I've always had a love/hate relationship with magic variables (back when I first encounterd $_ in perl my mind was a little blown).

I can completely understand how avoiding them makes for more readable code.

Using this in any language is a hallmark of doing anything in OOP. Yes, JS has some things to watch out for, but the idea anyone would consider trying to drop using this altogether instead of learning the time/place and make making great things so much easier escapes me.

 

While there are some historical gotcha's when using this in certain contexts, if you plan to use JavaScript in an OOP sort of way, I would in no way say that you should steer away from using this. On top of that, constructors should not be defined with functions anymore. They should be in a class where using new is forced and the meaning of this is unambiguous.

Secondly I would greatly avoid using .bind or .call as much as you can. Some of the easiest ways to lose track of this is using functions in this way..

 

In javascript, there are no absolutes. Your friend is wrong if they believe a single pattern will always be correct. That being said, some guiding principles can be helpful:

  • this is valuable when you're working with a stateful object. You can ask yourself: is your object an instance of a "superclass", in that other instances of this object may exist and have different states? it's very likely that this is the right tool for the job. In fact, as of es6 the module pattern your friend uses should most likely be refactored to a class.

  • this could be considered dangerous when working with raw objects. If you find yourself using .bind a lot, or if you're calling this from inside a method of a non class-like object (e.g. you would never make more than one of the object/function), consider taking a more functional approach. With new Promises and arrow functions, functional javascript has become a lot more fun and readable.

This argument IMO is generally a hold-over from when javascript didn't have classes, so you had the option of either constructing using the module pattern like your friend, or using a function constructor and appending methods to the function's prototype. Nowadays, we don't have to argue because we have the class keyword.

Is this a minefield of possible mistakes in javascript? Absolutely not. It's part of the language, and gives us important OOP abilities. You should use it when appropriate!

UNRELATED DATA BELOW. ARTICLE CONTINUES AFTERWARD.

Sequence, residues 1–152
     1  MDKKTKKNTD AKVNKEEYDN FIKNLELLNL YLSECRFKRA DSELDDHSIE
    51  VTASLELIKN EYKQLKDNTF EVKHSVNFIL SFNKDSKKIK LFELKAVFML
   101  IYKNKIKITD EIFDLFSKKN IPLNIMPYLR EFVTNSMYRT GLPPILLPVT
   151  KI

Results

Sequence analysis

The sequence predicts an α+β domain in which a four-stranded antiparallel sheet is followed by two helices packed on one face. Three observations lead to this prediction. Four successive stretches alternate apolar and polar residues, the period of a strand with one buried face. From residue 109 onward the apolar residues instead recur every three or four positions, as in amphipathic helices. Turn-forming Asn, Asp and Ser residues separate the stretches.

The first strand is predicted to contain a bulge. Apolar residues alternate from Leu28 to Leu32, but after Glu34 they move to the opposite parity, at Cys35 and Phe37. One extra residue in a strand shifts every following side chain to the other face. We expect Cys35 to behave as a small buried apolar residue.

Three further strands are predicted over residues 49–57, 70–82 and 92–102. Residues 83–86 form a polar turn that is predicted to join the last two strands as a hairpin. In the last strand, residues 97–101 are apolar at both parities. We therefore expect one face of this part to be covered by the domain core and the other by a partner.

"since the language has an ambiguous binding of this in different situations"

Learn the situations, and use accordingly.

Refusing to learn how the tool you're using works will impede your work, or at minimum drastically reduces the quality of it.

I understand that JavaScript is "special" when compared to other languages, but working around it's eccentricities will only stop you from leveraging all that it has to offer.

 

Have you seen Douglas Crockford's talk during Nordic.js 2014? There he said that he stopped using Object.create, new, this, etc. completely and instead uses the factory pattern for creating objects, similar to the pattern of your friend (around 25:00). After watching the video I tried it out and from then on I never missed these keywords. I rarely use the factory pattern nowadays, just if I really need it. Instead I try to code more functional

 

Because I come from the word of c++/python amd haven't done anything majorly oop in js this seems unpredictable to me. But I don't know how much you should optimize your code readability for language newcomers

 

I consider Javascript to be an experiment in which Brendan Eich tried a few new ideas, one of which is the behaviour of this. And unfortunately, it's one of the ideas that didn't work out so well. While the simplicity and flexibility of Javascript's object system is intriguing, and maybe this is a necessary part to make it work, as a programmer on a day to day basis the behaviour of this introduces more stumbling blocks than it adds benefits through flexibility.

Put another way, I've had to add more "superfluous" bind() calls to keep the context on a callback than I used the flexible re-binding mechanism to do something useful I couldn't have otherwise.

These kinds of things are only discoverable through longterm use, which Javascript didn't have the time to go through before being released into the wild, and now can't be fixed because backwards compatibility. But that's no reason to throw out the baby with the bathwater; just be aware of it.